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DVFS is Dead, Long Live Holistic DVFS

September 6, 2017 | Don Dingee
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DVFS is Dead, Long Live Holistic DVFS

An industry survey some three years ago indicated only about one-quarter of all chip designers were using dynamic voltage and frequency scaling (DVFS). It’s likely most of those people who said they were implementing DVFS are deeply dependent upon a mobile operating system. For instance, Android offers a range of CPU governor software modules to optimize frequency and voltage levels for application throughput. While DVFS is already enabled in most hardened CPU and GPU cores, clusters and/or subsystems, the majority of SoC designers not tied to Android opt for simpler techniques like clock and power gating. Is there an opportunity for a more holistic DVFS approach that more SoC designers would embrace? Continue reading “DVFS is Dead, Long Live Holistic DVFS”

Is Designing Your Chip Architecture Like Driving a Car with No Pedals?

For those of you that have been reading my blogs or watching my presentations for a while, you will know I like to use cars for analogies. They represent a system that everyone understands at a user level, they are composed of many subsystems, the details of which can get pretty complicated if you dig deep. So today, you will see how most chip architectures are designed like having a car without a gas pedal – and what you can do about it. Continue reading “Is Designing Your Chip Architecture Like Driving a Car with No Pedals?”

Taking Energy Back from Next-Generation MCU Designs

Microamp-per-megahertz thinking served the microcontroller (MCU) community well for decades. As the focus shifts to connectivity and always-on use cases, bigger cores and wireless IP blocks push energy use in the wrong direction. Next-generation MCUs can ill afford to spend more energy just to manage themselves. Any mandatory software to make an MCU run usually frustrates customers considering design-ins. How does the MCU ecosystem manage energy moving forward? Continue reading “Taking Energy Back from Next-Generation MCU Designs”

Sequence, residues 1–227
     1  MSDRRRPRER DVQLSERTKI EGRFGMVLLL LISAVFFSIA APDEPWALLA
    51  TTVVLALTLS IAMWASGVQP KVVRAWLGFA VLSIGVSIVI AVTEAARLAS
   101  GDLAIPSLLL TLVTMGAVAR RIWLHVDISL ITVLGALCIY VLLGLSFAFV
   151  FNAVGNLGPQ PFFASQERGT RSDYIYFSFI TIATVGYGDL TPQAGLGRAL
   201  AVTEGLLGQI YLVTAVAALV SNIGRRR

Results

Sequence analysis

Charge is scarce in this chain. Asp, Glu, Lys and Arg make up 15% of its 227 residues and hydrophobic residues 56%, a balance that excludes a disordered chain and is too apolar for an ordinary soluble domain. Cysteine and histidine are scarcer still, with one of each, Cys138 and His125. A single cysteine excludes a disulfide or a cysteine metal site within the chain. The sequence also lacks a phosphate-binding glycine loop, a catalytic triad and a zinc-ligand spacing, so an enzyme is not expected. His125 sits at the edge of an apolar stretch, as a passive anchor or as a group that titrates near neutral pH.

Best Practices for Power Management in SoCs Today

Interview with a Power Management Architect

Dynamic Power Management has become a ‘must-have’ in Systems-on-a-Chip (SoC) design today because of tightening power budgets and rising transistor counts. These increases mainly stem from evolving market requirements for more device functionality and richer feature sets being made available to meet changing market requirements. The semiconductor industry has responded with a plethora of different solutions to these issues.

Semico Research Corp. conducted an interview with Jawad Haj-Yihia, a Power Management Architect formerly of Intel Corp. in Israel. The following article represents key aspects of that interview delving into many of the issues that confront Power Management Architects in the industry today. Continue reading “Best Practices for Power Management in SoCs Today”

Are Incredible Engineering Feats Treated As Commonplace Today?

Recently I attended a presentation at the Machine Learning Developers Conference held at the Santa Clara Convention Center. The presentation, “Overcoming the Memory System Challenge in Dataflow Processing”, was given jointly by Darren Jones of Wave Computing and Drew Wingard of Sonics. The presentation was indeed fascinating as Jones first described how dataflow processors are ideal for deep learning, especially as compared to using existing CPU and GPU architectures. Jones then showed some performance numbers for machine learning training using the Wave Computing solution. And that is when I had to scratch my head. I did not hear any gasps. Everyone just accepted this phenomenal piece of engineering – just took it in stride. Continue reading “Are Incredible Engineering Feats Treated As Commonplace Today?”